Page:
In order to make your business and its processes more quantifiable and measurable, you need to break it down into three components. Successfully addressing these aspects will make you profitable. They are:
- Price it right. You have to price your services and projects accurately.
- Produce it right. You have to deliver your services and projects as you price them or you have to price them as you produce them.
- Produce enough of it. You have to have enough revenue to cover all of your costs.
If you do these three things, you will make money. If you aren’t making enough money, you can trace the problem to one of these.
In this article, I want to address the first of these three elements: pricing services and projects accurately. We’ll use what I call the Bid Recap Report to help us benchmark our pricing.
The bid recap report.
I use this report to recap and review bids. It helps me ensure that my pricing is in line with the appropriate green industry benchmarks. We’ll use a five-day residential landscape installation project to illustrate this report. Editor’s note: View the report on lawnandlandscape.com by searching “bid recaps.”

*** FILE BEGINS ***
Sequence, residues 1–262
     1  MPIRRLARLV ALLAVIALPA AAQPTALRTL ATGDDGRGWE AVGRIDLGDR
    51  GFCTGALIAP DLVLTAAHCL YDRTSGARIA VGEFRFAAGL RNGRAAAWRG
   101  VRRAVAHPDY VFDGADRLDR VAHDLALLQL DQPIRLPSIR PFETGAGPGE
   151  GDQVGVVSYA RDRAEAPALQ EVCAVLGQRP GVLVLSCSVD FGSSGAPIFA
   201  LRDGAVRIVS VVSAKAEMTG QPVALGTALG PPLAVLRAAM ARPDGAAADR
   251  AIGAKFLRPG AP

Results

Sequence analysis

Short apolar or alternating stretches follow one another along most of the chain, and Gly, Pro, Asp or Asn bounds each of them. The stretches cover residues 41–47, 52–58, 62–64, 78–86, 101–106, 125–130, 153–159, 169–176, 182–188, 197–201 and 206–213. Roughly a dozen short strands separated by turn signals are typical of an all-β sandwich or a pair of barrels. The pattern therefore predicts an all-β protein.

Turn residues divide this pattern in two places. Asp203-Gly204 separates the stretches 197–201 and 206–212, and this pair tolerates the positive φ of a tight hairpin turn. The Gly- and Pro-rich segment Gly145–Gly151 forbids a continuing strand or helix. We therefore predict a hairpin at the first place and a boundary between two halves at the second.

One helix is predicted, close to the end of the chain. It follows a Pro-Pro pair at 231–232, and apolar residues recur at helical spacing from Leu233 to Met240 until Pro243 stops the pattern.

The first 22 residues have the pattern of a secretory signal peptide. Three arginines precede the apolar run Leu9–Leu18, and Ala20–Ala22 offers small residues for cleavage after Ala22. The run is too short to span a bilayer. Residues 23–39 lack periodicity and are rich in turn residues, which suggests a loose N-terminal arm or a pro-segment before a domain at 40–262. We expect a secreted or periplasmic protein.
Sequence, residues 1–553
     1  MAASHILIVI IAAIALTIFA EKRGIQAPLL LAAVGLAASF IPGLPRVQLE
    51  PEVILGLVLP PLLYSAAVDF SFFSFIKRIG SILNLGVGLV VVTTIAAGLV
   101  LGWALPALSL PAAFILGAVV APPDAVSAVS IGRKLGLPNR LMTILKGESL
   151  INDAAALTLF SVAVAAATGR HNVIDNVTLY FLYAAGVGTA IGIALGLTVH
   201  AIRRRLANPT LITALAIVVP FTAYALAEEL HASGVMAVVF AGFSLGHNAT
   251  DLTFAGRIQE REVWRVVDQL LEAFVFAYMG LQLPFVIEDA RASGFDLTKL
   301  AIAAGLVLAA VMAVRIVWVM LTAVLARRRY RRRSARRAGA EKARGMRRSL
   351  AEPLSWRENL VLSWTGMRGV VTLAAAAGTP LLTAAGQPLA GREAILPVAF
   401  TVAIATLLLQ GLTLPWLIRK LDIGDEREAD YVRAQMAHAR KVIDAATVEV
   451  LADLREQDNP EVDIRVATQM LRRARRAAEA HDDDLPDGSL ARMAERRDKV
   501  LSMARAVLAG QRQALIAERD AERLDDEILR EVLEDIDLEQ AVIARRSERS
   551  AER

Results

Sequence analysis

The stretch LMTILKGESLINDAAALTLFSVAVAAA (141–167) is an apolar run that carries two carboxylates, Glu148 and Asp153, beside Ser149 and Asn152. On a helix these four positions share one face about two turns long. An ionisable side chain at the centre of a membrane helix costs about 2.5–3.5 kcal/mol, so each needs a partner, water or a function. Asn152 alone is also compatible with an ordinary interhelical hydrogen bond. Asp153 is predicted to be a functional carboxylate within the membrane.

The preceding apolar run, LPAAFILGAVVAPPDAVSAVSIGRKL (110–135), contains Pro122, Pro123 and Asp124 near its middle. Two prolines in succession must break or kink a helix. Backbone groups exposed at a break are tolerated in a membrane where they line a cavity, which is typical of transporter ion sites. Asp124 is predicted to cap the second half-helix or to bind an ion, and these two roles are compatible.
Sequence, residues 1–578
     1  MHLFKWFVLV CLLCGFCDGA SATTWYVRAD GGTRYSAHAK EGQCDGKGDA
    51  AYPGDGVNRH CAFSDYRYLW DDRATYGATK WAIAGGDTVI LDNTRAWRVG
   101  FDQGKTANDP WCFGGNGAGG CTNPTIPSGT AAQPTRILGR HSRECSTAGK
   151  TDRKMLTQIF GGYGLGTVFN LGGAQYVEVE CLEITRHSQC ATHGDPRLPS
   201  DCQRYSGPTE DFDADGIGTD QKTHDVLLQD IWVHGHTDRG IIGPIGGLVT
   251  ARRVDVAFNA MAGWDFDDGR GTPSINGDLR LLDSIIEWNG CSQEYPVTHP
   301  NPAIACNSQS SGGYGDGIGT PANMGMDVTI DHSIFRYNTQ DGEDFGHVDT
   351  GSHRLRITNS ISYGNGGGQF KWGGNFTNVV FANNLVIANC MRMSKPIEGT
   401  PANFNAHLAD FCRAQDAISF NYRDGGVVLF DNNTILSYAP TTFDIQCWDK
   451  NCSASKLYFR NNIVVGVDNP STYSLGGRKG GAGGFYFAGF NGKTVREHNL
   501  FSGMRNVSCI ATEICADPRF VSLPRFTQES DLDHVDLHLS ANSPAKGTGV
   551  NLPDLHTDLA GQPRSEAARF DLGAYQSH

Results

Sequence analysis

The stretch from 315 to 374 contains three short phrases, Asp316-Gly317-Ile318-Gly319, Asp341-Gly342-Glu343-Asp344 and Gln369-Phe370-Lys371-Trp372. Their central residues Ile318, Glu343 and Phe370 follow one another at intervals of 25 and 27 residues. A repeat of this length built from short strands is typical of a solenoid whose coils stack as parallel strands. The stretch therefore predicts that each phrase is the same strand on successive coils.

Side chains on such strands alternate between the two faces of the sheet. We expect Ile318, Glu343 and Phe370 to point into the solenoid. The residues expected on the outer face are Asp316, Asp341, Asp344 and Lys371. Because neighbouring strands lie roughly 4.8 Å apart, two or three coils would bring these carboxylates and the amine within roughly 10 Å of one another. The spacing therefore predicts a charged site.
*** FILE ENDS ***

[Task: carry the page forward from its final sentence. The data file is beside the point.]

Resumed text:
The cost for the materials on this project includes sales tax, delivery fees and a 5 percent warranty, total $6,439. The 160 labor-hours for the job, including overtime and a 25 percent labor burden, cost $24 each for a total of $3,840.
The equipment costs a total of $1,370. The total direct cost (TDC) for this project is $11,649. We then add $18 per labor-hour (160 x $18 = $2,880) for general and administrative overhead to the TDC and obtain a break-even point (BEP) of $14,529.
A price of $18,161 is calculated when we add a 20 percent net profit margin (or a 25 percent markup) to the BEP. Once we calculate these figures, we can then apply green industry benchmarks to this bid.
This bid appears fairly normal except for the material intensity of the job. This means the cost of the materials is somewhat higher than the average landscape installation job.
This higher cost is probably driven by expensive trees, specimen plants or both being used on the project. It shows up in two other important areas.
First, the GPM is low. It should be near 40 percent. I’d probably add three to five additional points to the 20 percent NPM in the bid. It also blows away the theory that you can multiply your material costs in a job by a factor of 2 to arrive at a good price for it. Here we have to multiply the material costs by minimum factor of three.
A Bid Recap Report provides us with the ability to compare our pricing for an individual bid to all of our bids. However, you must remember that industry benchmarks will vary due to the type of work.
Also, remember that benchmarks are mere starting points. You need to calculate your own company benchmarks to make them accurate. Next time we will discuss job costing.